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An interesting study would be one comparing this system to ours before and after the Constitution. Particularly interesting would be how the Bill of Rights was a reaction to this system, if it was.

Posted by: George | May 26, 2010 12:08:06 PM

I try to practice with a recognizably retributivist theoryof punishment but now this guy says I employ a consequentialist justificatory structure.

Can I smoke in this bar or not?

Posted by: Matt | May 26, 2010 12:08:42 PM

thanks to George for bringing out attention to the fascinating article by David Friedman. Maybe it's me, but I couldn't wrap my head around the concepts and terminology of the Berman article. In contrast, I found the Friedman article a pleasure to read and extremely provocative in its argument that 18th century institutions like private prosecutions, harsh punishments, and generous use of pardon resulted in a fairer and more efficient justice system.

Posted by: margy | May 26, 2010 9:30:13 PM

One may trace the retributionist view to religious sources, including Biblical culture of the ancient Middle East. Their retribution style was to kill everybody in the village and even the animals of the offender. That still did not work well.

The first and last goal of government is security. Many crimes are impulsive, and the chance or harshness of punishment does not influence the calculation made before committing a crime. For non-impulsive crime, the chance of getting a punishment is more influential than the harshness of punishment. And the criminal is never persuaded he deserves to be punished.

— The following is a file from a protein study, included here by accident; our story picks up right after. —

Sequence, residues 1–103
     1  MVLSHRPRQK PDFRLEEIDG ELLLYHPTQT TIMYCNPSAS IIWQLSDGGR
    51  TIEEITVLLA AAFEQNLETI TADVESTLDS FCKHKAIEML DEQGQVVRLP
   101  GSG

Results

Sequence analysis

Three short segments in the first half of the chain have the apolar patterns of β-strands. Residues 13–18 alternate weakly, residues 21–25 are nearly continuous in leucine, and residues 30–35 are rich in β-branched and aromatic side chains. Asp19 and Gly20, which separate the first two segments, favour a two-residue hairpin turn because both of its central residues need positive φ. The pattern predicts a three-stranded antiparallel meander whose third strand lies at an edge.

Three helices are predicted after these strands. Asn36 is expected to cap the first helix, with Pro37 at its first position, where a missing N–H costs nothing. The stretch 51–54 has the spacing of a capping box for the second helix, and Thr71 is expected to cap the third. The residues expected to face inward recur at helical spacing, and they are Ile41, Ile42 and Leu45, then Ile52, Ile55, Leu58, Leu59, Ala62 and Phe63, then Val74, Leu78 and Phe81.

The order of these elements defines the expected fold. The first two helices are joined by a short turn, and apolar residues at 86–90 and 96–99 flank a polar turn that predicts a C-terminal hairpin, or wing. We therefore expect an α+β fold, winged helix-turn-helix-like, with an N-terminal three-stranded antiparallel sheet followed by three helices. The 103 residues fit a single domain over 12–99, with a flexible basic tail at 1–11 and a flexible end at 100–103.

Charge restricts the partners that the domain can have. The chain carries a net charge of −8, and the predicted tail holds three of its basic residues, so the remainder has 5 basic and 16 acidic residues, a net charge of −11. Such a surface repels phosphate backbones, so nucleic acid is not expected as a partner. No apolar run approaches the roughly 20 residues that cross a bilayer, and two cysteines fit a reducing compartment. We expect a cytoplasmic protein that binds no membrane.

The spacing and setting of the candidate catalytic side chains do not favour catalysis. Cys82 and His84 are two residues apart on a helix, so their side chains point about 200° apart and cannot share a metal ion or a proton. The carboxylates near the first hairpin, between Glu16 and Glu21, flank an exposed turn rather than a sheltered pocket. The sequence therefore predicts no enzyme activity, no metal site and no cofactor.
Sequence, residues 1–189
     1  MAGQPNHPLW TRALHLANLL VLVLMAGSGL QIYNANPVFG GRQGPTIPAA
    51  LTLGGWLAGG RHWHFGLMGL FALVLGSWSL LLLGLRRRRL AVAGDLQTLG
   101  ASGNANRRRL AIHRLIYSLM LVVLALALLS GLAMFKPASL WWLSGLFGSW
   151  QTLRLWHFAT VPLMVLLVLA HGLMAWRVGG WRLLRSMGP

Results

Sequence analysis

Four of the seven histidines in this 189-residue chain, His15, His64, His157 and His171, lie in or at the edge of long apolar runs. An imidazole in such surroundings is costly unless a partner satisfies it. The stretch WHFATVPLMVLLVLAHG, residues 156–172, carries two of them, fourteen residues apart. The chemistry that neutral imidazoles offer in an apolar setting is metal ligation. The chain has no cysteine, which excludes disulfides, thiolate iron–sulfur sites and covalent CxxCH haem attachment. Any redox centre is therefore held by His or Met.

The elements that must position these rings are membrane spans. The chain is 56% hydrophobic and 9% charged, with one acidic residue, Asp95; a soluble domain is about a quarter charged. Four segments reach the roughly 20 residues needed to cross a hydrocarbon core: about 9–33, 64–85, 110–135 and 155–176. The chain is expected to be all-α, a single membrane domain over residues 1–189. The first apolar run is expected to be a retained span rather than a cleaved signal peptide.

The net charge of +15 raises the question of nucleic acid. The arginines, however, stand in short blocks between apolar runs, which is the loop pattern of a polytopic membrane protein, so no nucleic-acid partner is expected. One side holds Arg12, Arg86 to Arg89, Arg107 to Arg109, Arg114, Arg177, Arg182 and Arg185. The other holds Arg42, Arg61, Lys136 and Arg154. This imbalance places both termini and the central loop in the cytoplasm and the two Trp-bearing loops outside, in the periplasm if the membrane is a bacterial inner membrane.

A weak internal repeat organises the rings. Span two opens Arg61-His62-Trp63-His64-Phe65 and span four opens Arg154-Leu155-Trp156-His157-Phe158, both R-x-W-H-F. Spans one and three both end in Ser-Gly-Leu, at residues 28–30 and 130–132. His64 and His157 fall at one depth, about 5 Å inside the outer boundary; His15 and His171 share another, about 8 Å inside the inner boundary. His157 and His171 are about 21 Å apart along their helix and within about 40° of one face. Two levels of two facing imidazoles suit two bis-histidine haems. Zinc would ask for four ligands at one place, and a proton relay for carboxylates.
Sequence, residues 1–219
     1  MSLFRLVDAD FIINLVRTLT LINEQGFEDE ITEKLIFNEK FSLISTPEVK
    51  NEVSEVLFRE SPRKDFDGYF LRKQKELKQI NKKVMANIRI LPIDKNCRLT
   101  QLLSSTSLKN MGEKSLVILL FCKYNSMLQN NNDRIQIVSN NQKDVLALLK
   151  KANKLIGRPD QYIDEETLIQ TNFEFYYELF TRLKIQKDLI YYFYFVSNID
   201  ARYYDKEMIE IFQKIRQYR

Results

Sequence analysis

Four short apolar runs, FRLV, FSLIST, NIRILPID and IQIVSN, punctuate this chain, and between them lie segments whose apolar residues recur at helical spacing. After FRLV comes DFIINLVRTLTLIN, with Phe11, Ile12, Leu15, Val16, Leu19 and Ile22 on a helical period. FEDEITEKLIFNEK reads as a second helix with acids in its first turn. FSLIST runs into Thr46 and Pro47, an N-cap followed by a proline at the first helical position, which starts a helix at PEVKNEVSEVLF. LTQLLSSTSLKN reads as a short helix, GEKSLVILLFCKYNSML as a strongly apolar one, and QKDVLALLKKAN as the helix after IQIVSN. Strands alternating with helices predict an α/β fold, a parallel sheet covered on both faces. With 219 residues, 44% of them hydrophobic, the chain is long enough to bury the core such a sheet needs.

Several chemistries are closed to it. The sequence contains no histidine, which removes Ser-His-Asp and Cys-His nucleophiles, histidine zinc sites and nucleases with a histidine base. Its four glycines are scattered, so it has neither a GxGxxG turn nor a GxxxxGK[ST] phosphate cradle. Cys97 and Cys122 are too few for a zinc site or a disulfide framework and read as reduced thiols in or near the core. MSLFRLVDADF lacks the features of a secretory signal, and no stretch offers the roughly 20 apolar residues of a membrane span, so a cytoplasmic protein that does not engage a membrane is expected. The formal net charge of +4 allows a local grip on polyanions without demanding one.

There have been natural experiments in history that support mostly incapacitation as a method to reduce the crime victimization rates. So, empty the prisons, and remove the police, you have Fallujah. Before getting too superior over risks in Fallujah, it may still have been safer than many American inner cities. Most of the victims were targeted in sectarian conflict, rather than in street crime. There was a lot of kidnapping because it worked at making money down to factory workers families paying hundreds of dollars for the return of their loved ones from ordinary criminals.

Had Saddam been executed for his first murder at age 10, a mess of trouble would have been prevented. The problem is the person. Saddam said it, when the person is gone, the problem is solved. He was an advocate of incapacitation despite appearing to be an extremist on retribution. In the case of criminal government, the problem is a set of families that sponsor the rogue national leader. Those should be targeted, since the politician is a fungible figure head. The Takrit clan sponsored Saddam and did well. About 20 families sponsored the Nazi party and went untouched, and recruited by the Americans after the War. Bush represented West Texas born again oil people. Clinton represented Tyson Chicken. Reagan represented 6 California real estate tycoons. All big crime has the protection of powerful interests. Big crime cannot go on without the forbearance of government. In the case of the frequency of street and residential crime, the interest of the lawyer profession is served. You cannot end the targeted massive crime without incapacitation of its sponsors. To end street crime, incapacitate the lawyer hierarchy.

Posted by: Supremacy Claus | May 27, 2010 7:10:18 AM